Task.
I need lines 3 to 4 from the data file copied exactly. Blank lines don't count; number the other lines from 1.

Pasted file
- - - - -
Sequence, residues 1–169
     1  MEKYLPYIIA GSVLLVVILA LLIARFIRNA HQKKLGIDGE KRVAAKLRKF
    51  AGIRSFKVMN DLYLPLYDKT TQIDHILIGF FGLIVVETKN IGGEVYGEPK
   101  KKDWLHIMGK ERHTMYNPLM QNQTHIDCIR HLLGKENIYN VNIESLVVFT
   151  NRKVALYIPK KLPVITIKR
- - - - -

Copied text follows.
    51  AGIRSFKVMN DLYLPLYDKT TQIDHILIGF FGLIVVETKN IGGEVYGEPK
   101  KKDWLHIMGK ERHTMYNPLM QNQTHIDCIR HLLGKENIYN VNIESLVVFT